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According to Oxford Online Dictionary lone wolf means the following:

A person who prefers to act alone: he’s a lone wolf; that’s what made him a successful foreign correspondent.

After the mass shootout (massacre) in San Berdadino in the US, I hear this compound noun very often. I believe the US media and President Obama call them lone wolf actors because they doubt the couple received any order from ISIS for the attack and acted alone.

According to Etymology Online Dictionary, the word wolf had a sexual connotation when it was first used to describe people:

Wolves as a symbol of lust are ancient, such as Roman slang lupa "whore," literally "she-wolf" (preserved in Spanish loba, Italian lupa, French louve). The equation of "wolf" and "prostitute, sexually voracious female" persisted into 12c., but by Elizabethan times wolves had become primarily symbolic of male lust. The specific use of wolf for "sexually aggressive male" first recorded 1847; wolf-whistle attested by 1945, American English, at first associated with sailors. The image of a wolf in sheep's skin is attested from c. 1400. See here for a discussion of "wolf" in Indo-European history. The wolf-spider so called for prowling and leaping on its prey rather than waiting in a web.

  1. What is the etymology of the compound noun lone wolf? It doesn't seem to have started to mean what it means now as it doesn't have any sexual connotation at all. Some change might have happened in the meaning of the noun wolf (I suspect).

  2. Does lone wolf have something to do with the word werewolf which means:

(In folklore) a person who changes for periods of time into a wolf, typically when there is a full moon.

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    It's not clear what you're asking. Lone wolf is completely transparent to me: wolves normally live and hunt in packs, so a lone wolf is one that is separated from its pack. Just because wolf can have a sexual meaning, doens't mean that it always does in every use. And there's no reason to suppose there is any particular connection between lone wolves and werewolves. – Colin Fine Dec 6 '15 at 18:05
  • @ColinFine Lone wolf is transparent to me, too. I am interested in finding out the change in its meaning. When did it start to mean "a person who prefers to act alone"? As you commented, wolves don't prefer to act/hunt/live alone. – user140086 Dec 6 '15 at 18:12
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    OED has the earliest citation from 1909: "Occasionally the police run across Panhandlers known as ‘lone wolves’—that is they do not mix with others of their class." (F. H. Tillotson How to be a Detective) – ermanen Dec 6 '15 at 18:19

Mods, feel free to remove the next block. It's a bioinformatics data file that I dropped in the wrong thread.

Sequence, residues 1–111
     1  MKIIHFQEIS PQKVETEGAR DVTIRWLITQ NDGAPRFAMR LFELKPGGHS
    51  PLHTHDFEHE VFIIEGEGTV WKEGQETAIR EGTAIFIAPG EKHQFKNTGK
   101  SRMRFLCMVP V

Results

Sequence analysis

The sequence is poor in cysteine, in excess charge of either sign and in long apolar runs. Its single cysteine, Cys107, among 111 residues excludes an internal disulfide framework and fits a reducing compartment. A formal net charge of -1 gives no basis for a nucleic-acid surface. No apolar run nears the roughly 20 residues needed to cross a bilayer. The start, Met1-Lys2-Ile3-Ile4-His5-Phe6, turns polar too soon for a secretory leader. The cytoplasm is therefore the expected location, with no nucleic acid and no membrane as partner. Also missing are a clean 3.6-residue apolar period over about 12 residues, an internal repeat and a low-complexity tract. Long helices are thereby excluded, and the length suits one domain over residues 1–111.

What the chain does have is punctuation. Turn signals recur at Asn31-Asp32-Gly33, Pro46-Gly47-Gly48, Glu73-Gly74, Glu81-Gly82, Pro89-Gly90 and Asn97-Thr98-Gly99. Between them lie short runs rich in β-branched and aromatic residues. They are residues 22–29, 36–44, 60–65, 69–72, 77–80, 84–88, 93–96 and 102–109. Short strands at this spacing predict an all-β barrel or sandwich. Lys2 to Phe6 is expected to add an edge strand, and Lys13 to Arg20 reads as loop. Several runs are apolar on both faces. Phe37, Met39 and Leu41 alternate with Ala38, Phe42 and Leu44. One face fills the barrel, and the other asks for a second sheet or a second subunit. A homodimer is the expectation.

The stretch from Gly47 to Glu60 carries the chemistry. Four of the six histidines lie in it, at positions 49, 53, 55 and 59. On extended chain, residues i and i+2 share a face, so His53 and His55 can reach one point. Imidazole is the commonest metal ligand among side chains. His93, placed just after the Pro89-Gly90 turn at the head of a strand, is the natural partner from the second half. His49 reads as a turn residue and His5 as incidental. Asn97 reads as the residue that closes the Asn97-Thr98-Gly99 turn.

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    @ermanen: Earlier: Rudyard Kipling's The Jungle Book (1894) in which Akela is called "the Lone Wolf". Of course in this case Akela is an actual wolf, so the term is literal and not metaphorical, but I wonder if this could be the origin. – Nate Eldredge Dec 6 '15 at 19:17
  • And of course the famous native American. – Martin Smith Dec 6 '15 at 20:01
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Lone wolf has a negative connotation. Socially maladjusted. It's being used as a mild insult.

Lone wolf is being used to manage expectations. If they acted alone we don't have to go on a witch hunt to uncover a conspiracy.

While the wolf can represent untamed sexual energy that is not how it's being used here.

The wolf can represent danger. That is how it's being used here. Though conservationists would rush to point out you're more likely to die from a lightning strike. Which is apt, since you're about as likely to be a victim of this kind of violence.

Wolves are pack animals with a social hierarchy. So are humans. A lone wolf is assumed to be an outcast. Calling someone a lone wolf is just a fancy way to call them an anti-social outcast.

Lone wolf has no more to do with werewolf than wolf does.

  • Then why does the first use of this expression cited in the question appear to have a positive connotation? – sumelic Dec 6 '15 at 20:02
  • @sumelic The same reason "bad ass" can have a positive connotation. Without the "untamed sexual energy" it's just lame to be a lone wolf. – candied_orange Dec 6 '15 at 20:07
  • This is overstated. The term "lone wolf" has a long history in fiction (novels, movies, TV) as a character who is self-reliant in working alone, not necessarily an outcast. – deadrat Dec 7 '15 at 5:05
  • @deadrat all true. But just as untamed sexual energy was not meant to be conveyed in this context, neither was self-reliance. It's called spin. Obama's speech writers didn't choose this metaphor for its positive connotations. – candied_orange Dec 7 '15 at 5:22
  • While it's certainly true that neither sexual connotations nor lupine metamorphosis are apt here, Obama chose this metaphor to say that the killers were not part of a support network but acted on their own. That appears to be true, so I don't know how it's "spin." Not much is known about Malik, but Farook hardly fits the description of an outcast. He was an employee of the San Bernardino County Department of Public Health and apparently well regarded by his coworkers. – deadrat Dec 7 '15 at 5:40

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